Please Stop Trying to Pop Your Sunburn Blister and Let It Heal the Right Way

Korin Miller
Photo credit: Wikimedia
Photo credit: Wikimedia

From Prevention

A sunburn on its own can feel awful enough, but if it gets really bad, your skin can also develop uncomfortable blisters. According to the American Academy of Dermatology (AAD), blistering skin is an indication of second-degree burn, so you want to treat the area with special care.

“Sun blisters develop when the skin becomes so inflamed that connections between skin cells become disrupted,” says Joshua Zeichner, M.D., director of cosmetic and clinical research in dermatology at Mount Sinai Hospital in New York City. “This leads to splitting of the skin, which ultimately fills with serous fluid.”

These blisters don’t exactly look or feel great, especially because you’re already dealing with red, painful, swollen, and even peeling skin. Plus, they’re a sign that significant damage has been done: Just one blistering sunburn as a kid or teen more than doubles your chances of developing melanoma, the deadliest form of skin cancer, later in life, per the Skin Cancer Foundation.

To heal your skin properly (and protect it from future harm), we asked dermatologists to share their pro tips on how to treat a sun blister safely.

First, should you pop a sunburn blister?

While it’s tempting to pop those fluid-filled pockets, it’s definitely not the best idea. The blisters are there to help your skin heal and to protect you from infection, so if you pop them, you could compromise both. “Think of the top of the blister like nature’s Band-Aid, protecting the raw skin underneath,” Dr. Zeichner says.

That means you should “absolutely not” pop a sun blister, even if you really, really want to, says Gary Goldenberg, M.D., an assistant clinical professor of dermatology at the Icahn School of Medicine at Mount Sinai in New York City. “Blisters should be allowed to drain and pop by themselves,” he says.

Photo credit: Wikimedia
Photo credit: Wikimedia

How to treat and heal sunburn blisters safely

It can take up to two weeks for sunburn blisters to heal, Dr. Goldenberg says, but there are a few steps you can take to give your skin a bit of extra love:

1. Drink lots of water.

When you have a sunburn, your body shuttles water from other areas to your skin, per the AAD. Chugging plenty of H2O can move the process along and will prevent dehydration.

2. Cover the blister up.

If you just have a few blisters, Dr. Zeichner recommends covering them with a bandage to avoid accidentally traumatizing them. “They will heal all on their own in the overwhelming majority of cases,” he says. It’s also a good idea to cover the area when you go outside. Wear tightly-woven fabrics (like soft cotton) for max protection and comfort, the AAD says.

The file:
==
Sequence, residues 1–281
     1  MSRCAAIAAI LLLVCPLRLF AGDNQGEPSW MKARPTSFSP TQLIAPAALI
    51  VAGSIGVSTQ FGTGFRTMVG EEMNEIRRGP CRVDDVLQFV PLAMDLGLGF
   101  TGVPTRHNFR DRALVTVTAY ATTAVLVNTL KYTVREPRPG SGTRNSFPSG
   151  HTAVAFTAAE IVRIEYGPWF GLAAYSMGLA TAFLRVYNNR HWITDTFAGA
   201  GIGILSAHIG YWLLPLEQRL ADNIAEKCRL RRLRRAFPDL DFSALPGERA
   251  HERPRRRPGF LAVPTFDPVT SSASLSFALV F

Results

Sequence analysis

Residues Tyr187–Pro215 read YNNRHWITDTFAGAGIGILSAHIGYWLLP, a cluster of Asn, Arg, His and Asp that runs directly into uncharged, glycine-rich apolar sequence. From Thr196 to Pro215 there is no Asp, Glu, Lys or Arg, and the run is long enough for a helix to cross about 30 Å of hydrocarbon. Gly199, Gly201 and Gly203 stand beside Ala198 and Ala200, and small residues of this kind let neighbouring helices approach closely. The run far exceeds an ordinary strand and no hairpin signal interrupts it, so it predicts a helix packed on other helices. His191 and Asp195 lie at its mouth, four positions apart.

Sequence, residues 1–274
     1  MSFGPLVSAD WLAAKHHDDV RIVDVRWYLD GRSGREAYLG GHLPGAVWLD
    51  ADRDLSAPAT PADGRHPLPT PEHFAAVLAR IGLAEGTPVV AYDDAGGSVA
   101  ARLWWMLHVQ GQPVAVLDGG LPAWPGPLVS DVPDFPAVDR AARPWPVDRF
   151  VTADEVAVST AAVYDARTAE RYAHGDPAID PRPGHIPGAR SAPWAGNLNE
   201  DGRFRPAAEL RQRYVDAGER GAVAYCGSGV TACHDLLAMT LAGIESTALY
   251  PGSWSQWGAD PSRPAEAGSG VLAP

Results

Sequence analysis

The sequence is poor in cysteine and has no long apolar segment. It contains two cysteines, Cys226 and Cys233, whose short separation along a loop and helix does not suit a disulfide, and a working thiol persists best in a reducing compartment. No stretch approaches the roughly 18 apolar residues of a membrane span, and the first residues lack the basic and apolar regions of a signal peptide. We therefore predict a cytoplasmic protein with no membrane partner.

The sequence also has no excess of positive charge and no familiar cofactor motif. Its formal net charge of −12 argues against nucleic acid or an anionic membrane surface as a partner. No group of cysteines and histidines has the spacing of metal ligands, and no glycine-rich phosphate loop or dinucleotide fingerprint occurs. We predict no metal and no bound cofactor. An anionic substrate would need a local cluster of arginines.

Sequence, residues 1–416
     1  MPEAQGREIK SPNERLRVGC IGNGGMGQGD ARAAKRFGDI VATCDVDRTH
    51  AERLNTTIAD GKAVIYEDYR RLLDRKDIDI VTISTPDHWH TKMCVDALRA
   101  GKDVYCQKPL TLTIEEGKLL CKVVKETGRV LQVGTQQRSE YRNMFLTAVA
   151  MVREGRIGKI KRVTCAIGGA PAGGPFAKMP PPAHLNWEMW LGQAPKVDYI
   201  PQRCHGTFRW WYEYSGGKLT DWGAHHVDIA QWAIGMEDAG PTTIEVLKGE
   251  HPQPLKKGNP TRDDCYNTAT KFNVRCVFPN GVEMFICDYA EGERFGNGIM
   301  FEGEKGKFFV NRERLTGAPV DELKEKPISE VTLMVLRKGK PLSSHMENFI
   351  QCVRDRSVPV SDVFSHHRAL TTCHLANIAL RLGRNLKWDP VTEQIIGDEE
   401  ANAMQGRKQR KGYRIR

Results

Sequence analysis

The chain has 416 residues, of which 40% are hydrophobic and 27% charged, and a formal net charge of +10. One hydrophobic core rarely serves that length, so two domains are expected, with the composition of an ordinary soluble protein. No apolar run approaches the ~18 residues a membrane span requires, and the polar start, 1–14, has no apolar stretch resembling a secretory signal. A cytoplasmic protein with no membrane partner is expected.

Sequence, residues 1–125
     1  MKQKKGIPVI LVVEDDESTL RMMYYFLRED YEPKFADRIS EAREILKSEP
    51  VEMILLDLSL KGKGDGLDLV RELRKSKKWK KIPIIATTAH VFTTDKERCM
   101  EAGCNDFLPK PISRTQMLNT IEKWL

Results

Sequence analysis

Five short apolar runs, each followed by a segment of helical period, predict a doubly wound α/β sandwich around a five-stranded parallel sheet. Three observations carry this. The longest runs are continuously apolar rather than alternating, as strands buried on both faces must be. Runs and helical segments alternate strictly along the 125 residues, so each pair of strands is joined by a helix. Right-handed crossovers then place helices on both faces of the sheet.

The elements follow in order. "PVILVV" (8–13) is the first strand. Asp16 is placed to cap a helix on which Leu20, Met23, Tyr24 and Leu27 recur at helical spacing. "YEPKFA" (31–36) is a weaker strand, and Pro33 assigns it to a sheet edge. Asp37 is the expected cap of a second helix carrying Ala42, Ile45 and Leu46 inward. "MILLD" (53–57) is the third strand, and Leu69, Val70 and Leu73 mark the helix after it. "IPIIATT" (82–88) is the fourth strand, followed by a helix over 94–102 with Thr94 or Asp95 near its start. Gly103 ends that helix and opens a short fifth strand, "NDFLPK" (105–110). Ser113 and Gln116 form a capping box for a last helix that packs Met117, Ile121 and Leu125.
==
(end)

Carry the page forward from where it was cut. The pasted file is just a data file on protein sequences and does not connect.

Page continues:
3. Keep it cold.

Applying ice (make sure it’s wrapped in something!) to the area can help reduce swelling and pain, Dr. Goldenberg says. Cold, damp compresses will offer similar relief.

4. Moisturize like crazy.

Keeping your blister covered is crucial, but you still need to treat the surrounding burn with care. Avoid hot showers (opt for cool baths if you can) and use gentle, hydrating soaps like Dove Deep Moisture Body Wash. After, slather on a basic body lotion (like Vaseline Clinical Care Extremely Dry Rescue Lotion) or aloe vera gel while the skin is slightly damp.

5. Apply a steroid cream.

A topical steroid cream like 1% hydrocortisone can help relieve any itching and keep inflammation under control, Dr. Goldenberg says.

6. Take OTC pain meds if you need to.

This won’t necessarily speed up the blister healing process, but taking aspirin or ibuprofen may help reduce swelling, redness, and pain if you’re super uncomfortable, the AAD says.

7. Monitor it carefully if it pops.

If a blister does pop open, very carefully clean the area with gentle soap and water. Apply antibiotic ointment and cover the exposed skin with nonstick gauze or a bandage. Keep a close eye on it: If a rash forms or it starts to feel worse, see your doctor ASAP.

❗If you are in severe pain, have blisters over large areas of your body, have developed a fever or any signs of infection, like extreme redness, warmth, or pus, Dr. Zeichner says it’s time to see your doctor.

How to prevent a sunburn blister

Once your sunburn blister heals, your skin may be even more vulnerable to UV damage. The only way to truly prevent a sunburn (and the painful blisters that can come with one) is to apply sunscreen regularly:

  • Use a broad spectrum sunscreen with an SPF of 30 or higher.

  • Apply at least 1 ounce (a shot glass-sized amount) of sunscreen to your whole body. Lotions, compared to sticks or sprays, are the easiest to rub in generously.

  • Reapply sunscreen every two hours or after swimming or sweating.

These dermatologist-approved options are a good place to start:

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